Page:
Cardiac muscle necrosis is associated with inflammatory cascade that clears the infarct from dead
cells and matrix debris, and then replaces the damaged tissue with scar, through three overlapping phases: the
inflammatory phase, the proliferative phase and the maturation phase.
Western blotting, laser confocal microscopy, Raman microscopy are valuable tools for studying the inflammatory
response following myocardial infarction both humoral and cellular phase, allowing the identification and
semiquantitative analysis of proteins produced during the inflammatory cascade activation and the topographical distribution
and expression of proteins and cells involved in myocardial inflammation. Confocal laser scanning microscopy
(CLSM) is a relatively new technique for microscopic imaging, that allows greater resolution, optical sectioning of the
sample and three-dimensional reconstruction of the same sample. Western blotting used to detect the presence of a specific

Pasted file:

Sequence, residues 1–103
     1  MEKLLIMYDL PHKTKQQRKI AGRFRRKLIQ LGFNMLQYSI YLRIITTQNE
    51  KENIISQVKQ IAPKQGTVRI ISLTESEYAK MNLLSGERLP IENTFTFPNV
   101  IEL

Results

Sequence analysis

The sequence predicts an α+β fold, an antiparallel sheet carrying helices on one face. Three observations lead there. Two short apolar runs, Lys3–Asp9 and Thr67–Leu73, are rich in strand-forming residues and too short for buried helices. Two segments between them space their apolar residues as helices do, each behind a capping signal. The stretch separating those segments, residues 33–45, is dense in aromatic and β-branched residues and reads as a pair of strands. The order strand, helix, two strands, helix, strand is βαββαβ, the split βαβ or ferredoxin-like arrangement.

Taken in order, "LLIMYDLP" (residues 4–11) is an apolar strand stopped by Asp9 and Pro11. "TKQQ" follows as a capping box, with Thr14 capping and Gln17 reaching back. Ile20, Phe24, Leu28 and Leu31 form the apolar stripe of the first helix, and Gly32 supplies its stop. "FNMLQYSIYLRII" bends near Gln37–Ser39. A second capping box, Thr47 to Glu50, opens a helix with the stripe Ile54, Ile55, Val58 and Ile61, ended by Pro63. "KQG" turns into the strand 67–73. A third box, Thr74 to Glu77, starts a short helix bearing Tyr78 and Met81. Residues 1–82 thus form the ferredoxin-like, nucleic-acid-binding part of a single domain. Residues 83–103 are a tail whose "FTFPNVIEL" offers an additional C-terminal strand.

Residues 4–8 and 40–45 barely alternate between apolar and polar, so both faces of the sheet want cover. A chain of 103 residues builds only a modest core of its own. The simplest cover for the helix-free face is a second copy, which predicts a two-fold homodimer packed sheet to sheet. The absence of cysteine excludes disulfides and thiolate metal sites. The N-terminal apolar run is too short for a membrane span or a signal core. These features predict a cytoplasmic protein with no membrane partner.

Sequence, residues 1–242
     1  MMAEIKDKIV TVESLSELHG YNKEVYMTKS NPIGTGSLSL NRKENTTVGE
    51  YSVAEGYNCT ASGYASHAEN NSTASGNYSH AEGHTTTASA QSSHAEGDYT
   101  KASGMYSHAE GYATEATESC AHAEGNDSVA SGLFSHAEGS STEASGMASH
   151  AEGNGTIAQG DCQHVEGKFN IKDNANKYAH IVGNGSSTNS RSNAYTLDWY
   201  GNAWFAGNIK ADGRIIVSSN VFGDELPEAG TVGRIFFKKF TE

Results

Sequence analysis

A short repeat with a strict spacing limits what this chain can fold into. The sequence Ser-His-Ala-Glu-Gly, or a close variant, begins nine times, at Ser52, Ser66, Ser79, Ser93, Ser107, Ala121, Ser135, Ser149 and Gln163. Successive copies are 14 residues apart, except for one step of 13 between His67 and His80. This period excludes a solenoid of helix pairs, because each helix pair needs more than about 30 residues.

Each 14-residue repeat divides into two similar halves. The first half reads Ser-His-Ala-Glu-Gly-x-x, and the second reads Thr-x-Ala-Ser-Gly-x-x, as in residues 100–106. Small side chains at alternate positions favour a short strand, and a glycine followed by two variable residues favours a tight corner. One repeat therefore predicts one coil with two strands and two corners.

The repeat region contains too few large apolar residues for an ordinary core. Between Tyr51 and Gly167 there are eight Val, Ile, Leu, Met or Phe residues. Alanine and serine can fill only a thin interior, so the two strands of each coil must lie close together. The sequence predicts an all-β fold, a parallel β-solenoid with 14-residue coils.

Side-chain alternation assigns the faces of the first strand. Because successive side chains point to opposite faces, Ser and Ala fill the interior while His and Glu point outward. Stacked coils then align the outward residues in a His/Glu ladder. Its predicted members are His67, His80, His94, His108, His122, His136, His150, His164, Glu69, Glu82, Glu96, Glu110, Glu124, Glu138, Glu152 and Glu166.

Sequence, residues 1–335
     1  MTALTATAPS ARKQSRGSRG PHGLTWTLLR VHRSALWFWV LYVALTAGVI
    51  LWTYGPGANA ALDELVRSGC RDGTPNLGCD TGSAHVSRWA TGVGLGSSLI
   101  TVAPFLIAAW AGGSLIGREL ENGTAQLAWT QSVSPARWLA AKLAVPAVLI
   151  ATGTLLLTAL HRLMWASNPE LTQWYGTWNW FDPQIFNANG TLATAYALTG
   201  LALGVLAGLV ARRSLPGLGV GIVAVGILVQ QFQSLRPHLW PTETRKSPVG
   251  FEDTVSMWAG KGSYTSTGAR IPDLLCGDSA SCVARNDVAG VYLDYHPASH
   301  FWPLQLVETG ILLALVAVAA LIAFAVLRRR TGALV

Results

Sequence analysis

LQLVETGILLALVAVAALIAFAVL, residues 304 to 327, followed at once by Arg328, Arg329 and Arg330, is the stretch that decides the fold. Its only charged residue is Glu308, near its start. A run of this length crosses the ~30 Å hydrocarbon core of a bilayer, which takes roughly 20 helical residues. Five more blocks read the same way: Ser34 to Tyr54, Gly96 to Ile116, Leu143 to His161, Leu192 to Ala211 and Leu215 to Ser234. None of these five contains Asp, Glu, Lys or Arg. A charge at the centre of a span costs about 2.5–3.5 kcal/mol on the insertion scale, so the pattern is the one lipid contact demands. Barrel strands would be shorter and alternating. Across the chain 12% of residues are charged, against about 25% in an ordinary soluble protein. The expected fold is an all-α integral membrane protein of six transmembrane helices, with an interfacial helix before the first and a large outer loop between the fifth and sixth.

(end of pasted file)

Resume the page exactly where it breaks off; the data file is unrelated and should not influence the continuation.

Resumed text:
protein with antibody-antigen interaction in the midst of a complex protein mixture extracted from cells, produced
semi-quantitative data quite easy to interpret. Confocal Raman microscopy combines the three-dimensional optical resolution
of confocal microscopy and the sensitivity to molecular vibrations, which characterizes Raman spectroscopy.
The combined use of western blotting and confocal microscope allows detecting the presence of proteins in the sample
and trying to observe the exact location within the tissue, or the topographical distribution of the same. Once demonstrated
the presence of proteins (cytokines, chemokines, etc.) is important to know the topographical distribution, obtaining in this
way additional information regarding the extension of the inflammatory process in function of the time stayed from the
time of myocardial infarction. These methods may be useful to study and define the expression of a wide range of inflammatory
mediators at several different timepoints providing a more detailed analysis of the time course of the infarct.